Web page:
Going by the Book


Like so much of modern-day American life, the Installation Manual owes its existence to World War II. The manual was written in response to a shortage of trained elevator mechanics after the war. Both “union and management” leaders had recognized the need for a resource to train the next generation of technicians. The Installation Manual, the newest edition of which was published in 2015, has been helping meet this need for many years. As a testament to its popularity, it has remained on Elevator World Inc.’s top-10 best seller list for decades. While the current situation might not be as dire as it was in the 1940s, training and education remain a major issue for the industry.

Original author Kermit Kraus said the writing of the book was “in the nature of a ‘crash’ program.” He completed the first manuscript in the space of five months in 1946. By September of that year, members of the National Elevator Manufacturing Industry, Inc. (NEMI) (now the National Elevator Industry, Inc. [NEII®]) were reading and using the book. The Elevator Constructor magazine also published Kraus’ “Pilot Course,” supplementary material, in 1946-1947 (ELEVATOR WORLD, June 2011). Sixteen years later, despite many errors, the manual had sold out. The NEMI board of directors formed a rewrite committee with Kraus and F.A. Kuehl in 1961. They expanded the new edition, while keeping the original intent and focus for the target audience in place.

Kraus’ vision for the book went beyond creating a helpful reference for industry professionals. In his detailed descriptions of the trade, he wanted to communicate to technicians a sense of the commitment required of them. This is embedded in a story from his own career in the first edition of the book:

“Some 20 years ago, when the writer was an apprentice, he was often told that the ‘good old days’ of the elevator business were gone beyond recall. The time of ‘iron men and wooden rails’ had been replaced by ‘wooden men and iron rails’!”

For this reason, the writing and publishing of the early editions was painstaking work. In the foreword to the 1962 edition, Kraus expresses his gratitude to many people, especially a “Mrs. M.A. Molloy.” She had “typed and retyped from the writer’s indecipherable script and equally poor typing.”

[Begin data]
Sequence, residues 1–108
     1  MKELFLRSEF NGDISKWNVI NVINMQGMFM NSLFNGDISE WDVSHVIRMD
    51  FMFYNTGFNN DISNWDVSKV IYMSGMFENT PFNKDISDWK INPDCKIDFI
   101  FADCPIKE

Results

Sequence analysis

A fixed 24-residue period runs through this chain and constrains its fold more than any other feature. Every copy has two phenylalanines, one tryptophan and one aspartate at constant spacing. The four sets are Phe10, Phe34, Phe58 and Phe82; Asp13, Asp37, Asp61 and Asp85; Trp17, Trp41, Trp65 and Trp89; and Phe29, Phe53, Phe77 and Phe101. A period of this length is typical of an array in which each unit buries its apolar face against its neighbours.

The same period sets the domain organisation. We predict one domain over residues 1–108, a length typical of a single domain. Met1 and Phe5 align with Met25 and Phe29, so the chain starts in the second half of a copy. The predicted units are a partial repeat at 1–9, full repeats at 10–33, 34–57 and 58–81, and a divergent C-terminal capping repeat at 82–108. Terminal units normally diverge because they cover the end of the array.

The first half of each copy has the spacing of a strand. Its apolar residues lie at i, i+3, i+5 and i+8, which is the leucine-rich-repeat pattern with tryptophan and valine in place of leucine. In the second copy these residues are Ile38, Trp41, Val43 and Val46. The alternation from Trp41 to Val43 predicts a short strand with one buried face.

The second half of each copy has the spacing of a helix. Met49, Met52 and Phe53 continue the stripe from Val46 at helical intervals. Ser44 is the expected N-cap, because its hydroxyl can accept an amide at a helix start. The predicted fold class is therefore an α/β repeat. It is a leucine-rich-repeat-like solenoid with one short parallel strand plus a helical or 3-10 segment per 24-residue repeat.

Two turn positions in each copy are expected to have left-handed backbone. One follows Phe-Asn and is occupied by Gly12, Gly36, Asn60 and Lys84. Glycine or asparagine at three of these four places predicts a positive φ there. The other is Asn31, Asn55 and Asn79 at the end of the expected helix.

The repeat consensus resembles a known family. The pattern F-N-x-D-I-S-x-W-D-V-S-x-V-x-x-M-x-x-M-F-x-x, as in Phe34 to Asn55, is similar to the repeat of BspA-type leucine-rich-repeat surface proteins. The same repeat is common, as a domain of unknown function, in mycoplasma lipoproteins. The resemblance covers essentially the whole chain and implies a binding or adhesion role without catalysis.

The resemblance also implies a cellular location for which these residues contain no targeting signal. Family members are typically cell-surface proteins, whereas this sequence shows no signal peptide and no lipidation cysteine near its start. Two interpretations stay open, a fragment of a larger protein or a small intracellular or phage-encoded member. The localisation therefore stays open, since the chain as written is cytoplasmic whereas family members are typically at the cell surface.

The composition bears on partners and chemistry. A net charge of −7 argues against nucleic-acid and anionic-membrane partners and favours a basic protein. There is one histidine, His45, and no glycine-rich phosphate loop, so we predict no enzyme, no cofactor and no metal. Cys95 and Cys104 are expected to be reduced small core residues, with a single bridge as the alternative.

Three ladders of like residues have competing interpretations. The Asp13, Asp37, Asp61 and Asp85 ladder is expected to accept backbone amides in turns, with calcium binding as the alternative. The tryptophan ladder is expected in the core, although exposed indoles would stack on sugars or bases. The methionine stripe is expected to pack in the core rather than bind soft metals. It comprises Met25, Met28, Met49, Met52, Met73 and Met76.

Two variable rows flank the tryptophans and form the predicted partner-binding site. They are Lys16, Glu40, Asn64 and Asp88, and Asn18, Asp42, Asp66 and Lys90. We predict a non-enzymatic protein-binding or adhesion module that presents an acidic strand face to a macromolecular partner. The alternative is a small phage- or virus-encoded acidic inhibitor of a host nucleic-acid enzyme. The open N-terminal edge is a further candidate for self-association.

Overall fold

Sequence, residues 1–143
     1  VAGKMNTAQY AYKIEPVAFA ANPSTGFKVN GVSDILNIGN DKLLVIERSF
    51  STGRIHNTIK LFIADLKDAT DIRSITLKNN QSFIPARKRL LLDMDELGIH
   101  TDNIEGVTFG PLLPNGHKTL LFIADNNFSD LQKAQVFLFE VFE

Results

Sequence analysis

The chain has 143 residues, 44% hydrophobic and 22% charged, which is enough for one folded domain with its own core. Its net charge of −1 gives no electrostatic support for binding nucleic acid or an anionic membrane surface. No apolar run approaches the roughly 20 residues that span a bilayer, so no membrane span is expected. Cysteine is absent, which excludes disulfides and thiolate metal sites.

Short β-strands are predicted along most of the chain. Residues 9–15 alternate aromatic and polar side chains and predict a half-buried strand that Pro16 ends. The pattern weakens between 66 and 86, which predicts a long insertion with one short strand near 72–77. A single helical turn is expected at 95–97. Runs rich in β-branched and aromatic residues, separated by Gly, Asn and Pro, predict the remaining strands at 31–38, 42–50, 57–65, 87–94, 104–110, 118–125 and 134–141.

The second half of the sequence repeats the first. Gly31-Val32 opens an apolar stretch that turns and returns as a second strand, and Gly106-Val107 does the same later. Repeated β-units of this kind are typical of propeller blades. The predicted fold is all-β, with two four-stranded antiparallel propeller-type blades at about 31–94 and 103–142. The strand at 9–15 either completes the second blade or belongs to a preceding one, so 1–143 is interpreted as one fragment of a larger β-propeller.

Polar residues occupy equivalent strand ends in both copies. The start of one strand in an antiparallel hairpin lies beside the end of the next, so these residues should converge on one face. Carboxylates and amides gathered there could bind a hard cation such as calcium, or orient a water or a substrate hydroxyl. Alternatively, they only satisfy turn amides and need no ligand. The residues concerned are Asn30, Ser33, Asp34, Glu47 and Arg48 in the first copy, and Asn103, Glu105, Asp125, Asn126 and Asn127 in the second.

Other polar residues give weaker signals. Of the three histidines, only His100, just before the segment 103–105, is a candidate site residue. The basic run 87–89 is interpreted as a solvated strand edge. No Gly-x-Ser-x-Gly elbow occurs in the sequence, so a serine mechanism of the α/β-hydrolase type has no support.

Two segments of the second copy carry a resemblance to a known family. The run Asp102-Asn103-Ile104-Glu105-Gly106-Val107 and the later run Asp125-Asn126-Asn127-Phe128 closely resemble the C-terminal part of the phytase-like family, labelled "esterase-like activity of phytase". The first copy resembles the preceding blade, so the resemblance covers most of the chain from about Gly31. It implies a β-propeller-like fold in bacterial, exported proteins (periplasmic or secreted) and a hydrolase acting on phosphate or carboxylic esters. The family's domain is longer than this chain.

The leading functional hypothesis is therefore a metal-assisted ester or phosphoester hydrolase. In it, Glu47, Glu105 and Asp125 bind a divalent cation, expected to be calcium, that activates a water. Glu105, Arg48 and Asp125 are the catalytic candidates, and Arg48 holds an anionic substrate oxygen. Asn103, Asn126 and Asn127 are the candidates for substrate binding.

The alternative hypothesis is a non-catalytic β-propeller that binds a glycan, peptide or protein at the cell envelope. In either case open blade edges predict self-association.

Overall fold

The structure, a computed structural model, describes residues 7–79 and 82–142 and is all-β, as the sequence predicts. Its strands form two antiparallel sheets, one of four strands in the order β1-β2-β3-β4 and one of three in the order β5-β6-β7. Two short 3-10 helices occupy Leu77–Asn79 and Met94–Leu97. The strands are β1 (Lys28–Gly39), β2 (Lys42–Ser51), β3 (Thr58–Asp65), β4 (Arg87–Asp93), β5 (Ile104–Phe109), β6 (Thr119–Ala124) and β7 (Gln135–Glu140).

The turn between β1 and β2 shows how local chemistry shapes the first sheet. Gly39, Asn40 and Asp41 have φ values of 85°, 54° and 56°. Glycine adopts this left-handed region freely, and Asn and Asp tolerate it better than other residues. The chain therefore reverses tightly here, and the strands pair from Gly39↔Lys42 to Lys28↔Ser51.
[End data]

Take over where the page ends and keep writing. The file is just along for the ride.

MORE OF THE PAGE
Executive Director of NEII Frank Aquillino gave the copyright and publishing rights to Elevator World, Inc. Elevator World has been publishing the manual with minor revisions since September 1980. A sale of 200 copies in 1997 triggered the need for the manual to be reprinted. In 2013, Elevator World added new illustrations from its archives and drawings from Brugg Lifting, and partnered with Perry Burch of Nashville to revise the text. Burch has had a long history with the manual. “In the 1950s and 1960s,” he says, “when I got in the industry and got my Mechanical Engineering card, that’s the book I took the test from.”

Fifteen chapters over 424 pages provide information on installing a traction elevator. The manual starts off with a history of vertical transportation, followed by a full chapter on safety. The bulk of the book covers all the details of elevator installation: 

  • Handling materials, rigging and hoisting
  • Drawings and miscellaneous papers
  • Guide rails
  • Machine room and overhead work
  • Pit structures
  • Car and counterweight assemblies
  • Cables and ropes
  • Construction wiring
  • Doors and operators
  • Accessory parts and scheduling services 
  • Adjustments

The manual concludes with separate chapters on installing hydraulic elevators, MRLS and escalators.

In a 1963 “Rail Clips and Call Backs” column in EW, Paul John Kern wrote that the manual served as a good resource for technicians performing both installation and maintenance work: 

“Knowing how the elevator is installed will give the man on the maintenance route a better understanding, which can sometimes clear up troubles occurring years after the equipment is installed, due to its getting out of original alignment” (EW, June 1963).

The Installation Manual has been useful the world over. In May 1980, Ente Nazione Infortuni (ENPI) Chief in Milan, Italy, Francesco Distaso used the book in a school he had started to train technicians. According to that year’s Annual Study, the manual was being translated into Spanish under the direction of Cruz Trujillo. A 1985 advertisement in EW noted the basic procedures for installing an elevator had remained unchanged for decades. The manual would thus be “especially helpful to those not having access to a sophisticated educational program” (EW, April 1985).

While the manual is not the best source for the latest innovations in the industry, it works well as a reference tool. Burch says, “It’s not an entity within itself, but the Installation Manual is another method/resource to learn about the elevator industry.”

Installation Manual is available for purchase from Elevator World’s commercial department via phone: (251) 479-4514, ext. 19; email: [email protected]; or online bookstore: www.elevatorbooks.com. Bulk pricing is available for orders of 25 or more.  

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